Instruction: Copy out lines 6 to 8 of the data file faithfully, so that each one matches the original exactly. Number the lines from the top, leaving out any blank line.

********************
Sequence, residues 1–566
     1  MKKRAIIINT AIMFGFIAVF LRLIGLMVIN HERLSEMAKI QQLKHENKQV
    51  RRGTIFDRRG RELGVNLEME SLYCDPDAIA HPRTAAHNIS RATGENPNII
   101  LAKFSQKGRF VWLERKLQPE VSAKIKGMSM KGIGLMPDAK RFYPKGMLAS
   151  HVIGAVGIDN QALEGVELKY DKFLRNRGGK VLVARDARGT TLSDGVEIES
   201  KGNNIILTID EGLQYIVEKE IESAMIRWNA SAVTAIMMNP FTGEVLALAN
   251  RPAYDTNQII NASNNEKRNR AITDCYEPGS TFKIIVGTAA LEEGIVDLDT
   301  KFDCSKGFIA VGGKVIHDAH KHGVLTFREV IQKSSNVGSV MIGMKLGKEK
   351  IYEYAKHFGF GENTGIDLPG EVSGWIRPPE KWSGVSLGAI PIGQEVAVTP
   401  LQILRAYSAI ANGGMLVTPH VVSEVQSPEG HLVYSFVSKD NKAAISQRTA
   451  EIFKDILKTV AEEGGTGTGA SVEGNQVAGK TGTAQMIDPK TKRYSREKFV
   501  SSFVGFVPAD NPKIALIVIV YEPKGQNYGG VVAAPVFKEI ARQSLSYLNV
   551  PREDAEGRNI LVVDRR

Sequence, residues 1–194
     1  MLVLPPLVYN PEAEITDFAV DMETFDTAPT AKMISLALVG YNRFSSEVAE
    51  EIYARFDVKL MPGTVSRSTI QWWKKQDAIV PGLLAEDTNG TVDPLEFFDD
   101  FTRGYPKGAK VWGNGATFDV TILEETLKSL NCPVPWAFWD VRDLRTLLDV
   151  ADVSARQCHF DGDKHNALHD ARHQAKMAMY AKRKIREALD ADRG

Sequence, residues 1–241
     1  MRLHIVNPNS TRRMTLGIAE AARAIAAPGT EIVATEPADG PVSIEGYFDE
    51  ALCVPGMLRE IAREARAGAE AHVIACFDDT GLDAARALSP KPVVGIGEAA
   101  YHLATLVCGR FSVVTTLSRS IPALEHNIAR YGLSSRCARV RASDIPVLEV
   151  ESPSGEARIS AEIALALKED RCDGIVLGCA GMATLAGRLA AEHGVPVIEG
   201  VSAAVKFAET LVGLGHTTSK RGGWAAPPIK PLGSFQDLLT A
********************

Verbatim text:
   201  KGNNIILTID EGLQYIVEKE IESAMIRWNA SAVTAIMMNP FTGEVLALAN
   251  RPAYDTNQII NASNNEKRNR AITDCYEPGS TFKIIVGTAA LEEGIVDLDT
   301  KFDCSKGFIA VGGKVIHDAH KHGVLTFREV IQKSSNVGSV MIGMKLGKEK